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Reviewed by:
  • China in the World: An Anthropology of Confucius Institutes, Soft Power and Globalization by Jennifer Hubbert
  • Ziguras Christophe (bio) and Joanne Barker (bio)
Jennifer Hubbert. China in the World: An Anthropology of Confucius Institutes, Soft Power and Globalization. Honolulu, HI: University of Hawai'i Press, 2019. viii, 234 pp. Hardcover $68.00, isbn 978-0-8248-7820-7.

There has been much hyperbole surrounding Confucius Institutes (CIs) in recent years, especially in the United States, where panic about the rise of China is currently at fever pitch. In our view, there are two serious shortcomings in most of the critiques of CIs. First, most commentators pay too much attention to the Chinese government's stated objectives in extending its educational arms abroad (or, worse, the writer's fears about what the real but unstated objectives may be) and pay too little attention to what the CIs actually do in practice. Second, many critics, especially those on the Right, espouse a form of zero-sum thinking in relation to educational exchanges, much as Donald Trump sees international trade—"if it is good for China then it must be bad for USA."

Therefore, it is a relief to read a far more sophisticated and altogether more human account of what the CIs actually do. Using primarily ethnographic research techniques, Hubbert examines the lived experiences of teachers, students, administrators, and parents involved with CIs. This is a study, therefore, of the practice rather than the theory of soft power projection through education, an anthropology of international relations, if you like.

Her focus is the establishment of CIs (in universities) and Confucius Classrooms (in primary and secondary schools) throughout the United States, where they exist in all but three states. The expansion of the CI program has been embraced by many host institutions around the world, welcomed for the additional learning resources provided at a time when domestic budgetary constraints have created vulnerability in the range of learning activities that can be provided by schools and universities. The officially stated role of the Confucius program is teaching of the Chinese language and dissemination of Chinese culture, but the reality is far more interesting.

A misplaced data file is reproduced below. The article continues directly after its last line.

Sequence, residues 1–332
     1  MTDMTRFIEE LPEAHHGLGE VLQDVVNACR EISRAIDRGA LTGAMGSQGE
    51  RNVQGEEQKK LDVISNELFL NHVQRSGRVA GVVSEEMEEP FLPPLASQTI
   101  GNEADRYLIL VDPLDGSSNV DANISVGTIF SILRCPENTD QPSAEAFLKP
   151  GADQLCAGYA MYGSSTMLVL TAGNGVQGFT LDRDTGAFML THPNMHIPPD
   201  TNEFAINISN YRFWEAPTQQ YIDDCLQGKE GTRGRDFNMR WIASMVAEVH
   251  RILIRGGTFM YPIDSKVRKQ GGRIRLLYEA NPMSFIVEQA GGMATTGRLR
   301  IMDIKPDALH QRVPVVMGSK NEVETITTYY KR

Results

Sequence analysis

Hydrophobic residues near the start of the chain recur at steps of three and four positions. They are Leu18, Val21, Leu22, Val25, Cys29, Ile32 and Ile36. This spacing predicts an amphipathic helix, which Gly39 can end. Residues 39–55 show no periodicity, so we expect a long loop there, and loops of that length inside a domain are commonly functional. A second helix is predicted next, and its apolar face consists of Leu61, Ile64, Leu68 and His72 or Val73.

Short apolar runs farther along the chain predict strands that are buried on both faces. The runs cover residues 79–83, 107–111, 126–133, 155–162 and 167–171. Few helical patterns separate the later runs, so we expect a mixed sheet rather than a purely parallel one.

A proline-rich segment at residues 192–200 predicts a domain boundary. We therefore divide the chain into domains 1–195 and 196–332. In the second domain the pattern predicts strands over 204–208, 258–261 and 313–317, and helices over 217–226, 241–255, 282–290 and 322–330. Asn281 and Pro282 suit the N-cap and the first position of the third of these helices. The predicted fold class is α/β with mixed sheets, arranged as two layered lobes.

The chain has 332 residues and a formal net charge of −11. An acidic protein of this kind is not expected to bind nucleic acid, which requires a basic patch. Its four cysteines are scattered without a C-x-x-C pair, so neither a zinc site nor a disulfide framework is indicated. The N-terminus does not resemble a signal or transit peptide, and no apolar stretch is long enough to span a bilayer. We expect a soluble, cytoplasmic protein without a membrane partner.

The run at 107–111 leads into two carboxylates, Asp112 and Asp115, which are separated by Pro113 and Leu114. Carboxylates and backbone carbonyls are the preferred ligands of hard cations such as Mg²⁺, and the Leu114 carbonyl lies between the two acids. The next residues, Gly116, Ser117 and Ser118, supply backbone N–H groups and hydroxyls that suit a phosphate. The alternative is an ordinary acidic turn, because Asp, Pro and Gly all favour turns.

Hubbert's richly descriptive prose takes us far beyond the "good versus bad" binaries, which remain the dominant framework for understanding CI programs at the macrolevel. We are taken into the CI classrooms and tour buses, and we see carefully constructed places of intercultural engagement and exchange. A description of a secondary school classroom dedicated to the CI provides a good illustration of the author's ability to identify various techniques employed in the construction of a state-sanctioned image of China for foreigners.

Inside the classroom, a large PRC flag above the whiteboard drew attention to the calligraphy that framed its two sides, which read "Study diligently and [End Page 273] make daily progress" (haohao xuexi tiantian xiangshang). This popular Chinese admonition to students was not attributed to its actual source, which is Mao Zedong, and US students and visitors to the Confucius Classroom might well assume that it originated with Confucius himself, a historical figure frequently lauded for his focus on educational attainment. A large map of the provinces of the PRC, which included Taiwan, hung to the left of the calligraphy and next to that such globally recognized symbols of Chinese culture as red lanterns, calligraphic scrolls, Chinese knots, and Beijing opera masks, prime examples of the traditional patriotic state culture discussed in chapter 2. The physical space thus faithfully reflected the intended public persona of Confucius Institutes through a combination of state-sanctioned geography and popular visual symbols of Chinese culture while making very little connection with Confucius himself, save in the CI name and a paint-by-number image of the sage on a classroom wall.

(pp. 49–50)

A similar level of descriptive detail is brought to bear on information sessions for parents, study tour itineraries, textbooks, and in-class activities and discussions, and through these we see the Chinese government's efforts to create a set of messages about China that will appeal to foreigners. These are sometimes effective, but often, as is the case with many educational endeavors, the received curriculum...


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